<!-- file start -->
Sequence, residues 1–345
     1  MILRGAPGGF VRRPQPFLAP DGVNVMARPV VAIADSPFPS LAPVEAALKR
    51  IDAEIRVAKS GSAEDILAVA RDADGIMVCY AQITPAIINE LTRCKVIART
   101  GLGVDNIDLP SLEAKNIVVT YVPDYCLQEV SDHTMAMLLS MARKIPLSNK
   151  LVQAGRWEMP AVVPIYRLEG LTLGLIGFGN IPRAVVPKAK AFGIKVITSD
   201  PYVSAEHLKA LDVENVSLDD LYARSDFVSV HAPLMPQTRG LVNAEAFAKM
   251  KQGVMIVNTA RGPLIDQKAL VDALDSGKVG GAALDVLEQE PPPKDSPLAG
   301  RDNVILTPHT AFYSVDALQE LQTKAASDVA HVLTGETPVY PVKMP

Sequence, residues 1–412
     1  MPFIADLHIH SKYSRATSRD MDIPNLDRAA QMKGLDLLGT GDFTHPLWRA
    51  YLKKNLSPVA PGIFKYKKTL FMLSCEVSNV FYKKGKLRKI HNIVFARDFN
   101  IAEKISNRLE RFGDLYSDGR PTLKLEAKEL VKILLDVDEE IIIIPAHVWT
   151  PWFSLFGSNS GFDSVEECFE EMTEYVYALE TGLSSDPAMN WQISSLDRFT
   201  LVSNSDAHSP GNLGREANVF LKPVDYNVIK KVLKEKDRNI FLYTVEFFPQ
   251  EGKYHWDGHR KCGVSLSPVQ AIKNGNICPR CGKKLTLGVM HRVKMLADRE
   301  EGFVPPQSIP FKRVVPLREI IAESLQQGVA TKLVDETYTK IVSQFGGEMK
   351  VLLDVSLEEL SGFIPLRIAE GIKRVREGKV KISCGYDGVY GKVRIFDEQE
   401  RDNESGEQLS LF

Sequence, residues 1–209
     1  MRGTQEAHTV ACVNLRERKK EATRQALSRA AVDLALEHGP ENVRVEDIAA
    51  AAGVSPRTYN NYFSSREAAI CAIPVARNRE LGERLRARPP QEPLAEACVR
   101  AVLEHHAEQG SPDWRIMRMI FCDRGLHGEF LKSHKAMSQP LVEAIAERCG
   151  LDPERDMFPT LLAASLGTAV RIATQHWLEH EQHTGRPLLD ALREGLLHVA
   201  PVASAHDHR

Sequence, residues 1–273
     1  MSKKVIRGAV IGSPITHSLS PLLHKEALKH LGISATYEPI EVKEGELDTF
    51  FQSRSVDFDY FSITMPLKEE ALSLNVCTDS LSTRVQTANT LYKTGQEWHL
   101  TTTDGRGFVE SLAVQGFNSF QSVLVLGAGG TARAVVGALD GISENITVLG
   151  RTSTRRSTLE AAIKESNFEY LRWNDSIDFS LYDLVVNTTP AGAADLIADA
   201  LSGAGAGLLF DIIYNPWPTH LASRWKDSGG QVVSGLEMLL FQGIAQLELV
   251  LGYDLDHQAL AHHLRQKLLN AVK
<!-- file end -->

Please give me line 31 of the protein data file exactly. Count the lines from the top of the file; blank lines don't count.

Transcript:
   251  LGYDLDHQAL AHHLRQKLLN AVK